The Northern Territory has given major project status to an ambitious plan to develop a 10 GW solar farm coupled with a 20-30 GWh storage facility near Tennant Creek and export solar power harvested in the Australian desert to Singapore via subsea cables.
The Australian Energy Market Operator (AEMO) has laid out a $370 million plan for network upgrades in Western Victoria which would deliver almost double the benefit to both energy consumers and energy producers. However, the proposal has provoked federal Energy Minister Angus Taylor’s attack on the state’s renewable energy target.
The South Australian government has given its tick of approval for the development of a 5 MW/10 MWh compressed air energy storage facility, which will store excess solar and wind power at a closed underground mine.
With no new measures to the reduce emissions in the electricity sector and no renewable energy target beyond 2020, federal government leaves little room for hope for policy driven renewables expansion. At a state level, ambitious renewable energy targets could help fill the policy void to a certain extent, but some states are falling short of their self-imposed targets for either renewable energy or emissions reductions.
A new report raises awareness of the potential jobs and revenue opportunities for Territorians in a zero-carbon economy. The 10 GW Vision relies largely on solar PV.
At the Clean Energy Council Large-scale Solar Forum yesterday, principal sponsor Longi launched its new Hi-MO 4 range of solar panels in Australia and spoke with pv magazine about its intention to better serve the local industry by opening a fully fledged sales and service office in Australia.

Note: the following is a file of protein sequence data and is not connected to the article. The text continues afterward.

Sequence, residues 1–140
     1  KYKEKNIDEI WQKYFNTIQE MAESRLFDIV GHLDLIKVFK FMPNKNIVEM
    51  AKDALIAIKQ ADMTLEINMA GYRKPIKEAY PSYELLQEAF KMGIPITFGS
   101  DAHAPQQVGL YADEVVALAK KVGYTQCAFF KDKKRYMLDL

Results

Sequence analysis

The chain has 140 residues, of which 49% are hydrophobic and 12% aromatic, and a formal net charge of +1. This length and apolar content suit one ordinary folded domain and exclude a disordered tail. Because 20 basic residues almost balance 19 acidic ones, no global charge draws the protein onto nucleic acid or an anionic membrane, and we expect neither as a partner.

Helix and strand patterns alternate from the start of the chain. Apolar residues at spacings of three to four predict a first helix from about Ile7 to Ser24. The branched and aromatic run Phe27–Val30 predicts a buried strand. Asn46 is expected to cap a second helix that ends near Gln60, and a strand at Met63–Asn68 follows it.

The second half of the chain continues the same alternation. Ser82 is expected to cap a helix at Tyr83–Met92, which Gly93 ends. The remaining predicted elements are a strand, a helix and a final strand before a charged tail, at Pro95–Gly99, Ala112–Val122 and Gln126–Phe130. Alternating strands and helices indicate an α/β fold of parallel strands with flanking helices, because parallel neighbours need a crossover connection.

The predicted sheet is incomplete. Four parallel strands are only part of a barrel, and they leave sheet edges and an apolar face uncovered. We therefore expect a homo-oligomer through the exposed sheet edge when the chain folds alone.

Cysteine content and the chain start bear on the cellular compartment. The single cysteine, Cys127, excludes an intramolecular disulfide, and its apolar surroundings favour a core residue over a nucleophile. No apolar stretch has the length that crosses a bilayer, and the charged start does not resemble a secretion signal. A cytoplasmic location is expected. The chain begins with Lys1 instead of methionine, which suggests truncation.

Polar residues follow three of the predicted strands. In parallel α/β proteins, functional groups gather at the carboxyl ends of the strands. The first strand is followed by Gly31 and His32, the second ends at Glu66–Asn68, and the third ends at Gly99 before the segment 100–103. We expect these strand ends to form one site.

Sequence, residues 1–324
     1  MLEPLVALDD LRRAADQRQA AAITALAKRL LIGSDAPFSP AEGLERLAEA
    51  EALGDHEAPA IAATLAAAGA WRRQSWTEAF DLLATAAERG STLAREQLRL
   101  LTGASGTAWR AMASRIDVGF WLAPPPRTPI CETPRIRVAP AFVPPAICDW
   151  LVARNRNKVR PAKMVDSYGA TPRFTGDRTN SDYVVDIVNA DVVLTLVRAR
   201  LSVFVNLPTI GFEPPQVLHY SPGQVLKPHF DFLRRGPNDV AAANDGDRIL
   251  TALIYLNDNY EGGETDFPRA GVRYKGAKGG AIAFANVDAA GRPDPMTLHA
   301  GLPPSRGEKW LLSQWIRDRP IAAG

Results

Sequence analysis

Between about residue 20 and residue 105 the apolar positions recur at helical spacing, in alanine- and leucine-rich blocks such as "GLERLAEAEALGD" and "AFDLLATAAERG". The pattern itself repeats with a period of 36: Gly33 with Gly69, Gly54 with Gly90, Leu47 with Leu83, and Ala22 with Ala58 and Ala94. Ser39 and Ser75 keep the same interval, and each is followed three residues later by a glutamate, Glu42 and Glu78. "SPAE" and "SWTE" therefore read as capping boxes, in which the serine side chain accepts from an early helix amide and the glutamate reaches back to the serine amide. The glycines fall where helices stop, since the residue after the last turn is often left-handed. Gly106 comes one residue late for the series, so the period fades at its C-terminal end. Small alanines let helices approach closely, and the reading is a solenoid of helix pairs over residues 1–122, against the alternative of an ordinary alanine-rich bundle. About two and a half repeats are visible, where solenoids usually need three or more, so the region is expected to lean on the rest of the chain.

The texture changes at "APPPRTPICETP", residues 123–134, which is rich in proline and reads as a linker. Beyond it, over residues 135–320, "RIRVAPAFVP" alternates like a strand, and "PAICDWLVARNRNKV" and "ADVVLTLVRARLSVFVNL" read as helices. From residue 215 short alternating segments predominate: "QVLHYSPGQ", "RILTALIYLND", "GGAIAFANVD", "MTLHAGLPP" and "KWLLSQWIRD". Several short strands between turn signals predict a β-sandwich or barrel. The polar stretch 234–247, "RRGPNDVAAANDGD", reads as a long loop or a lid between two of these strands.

As part of its Future Mines and Jobs Plan, Labor has pledged to revive the Exploring for the Future funding and invest $75 million in developing the future mining of resources such as lithium. If elected in the upcoming federal election, the party will also make the south-west of Western Australia a renewable energy zone, meaning the region will be able to access funding through the party’s planned $5 billion Energy Security and Modernisation Fund.
Works have been launched on the 64 MW solar farm is the Darling Downs region. Once completed, the project could make the University of Queensland the world’s first university to offset 100% of its electricity needs from its own renewable energy asset.
Rooftop solar remained the biggest employer in the Australian renewable energy sector last financial year, but it was large-scale solar PV that stole the limelight as it emerged as the second largest contributor of direct full-time jobs.
Solar could meet approximately 68% of global energy demand with other renewables making up the rest, according to a new report. A 100% renewable energy system could also create 22 million solar jobs by 2050, the study claims. Keeping global warming below 1.5 degrees C, though, would require FITs for projects up to 40 MW in capacity, auctions for bigger systems, removing fossil fuel and nuclear subsidies and providing more education and R&D and less red tape.
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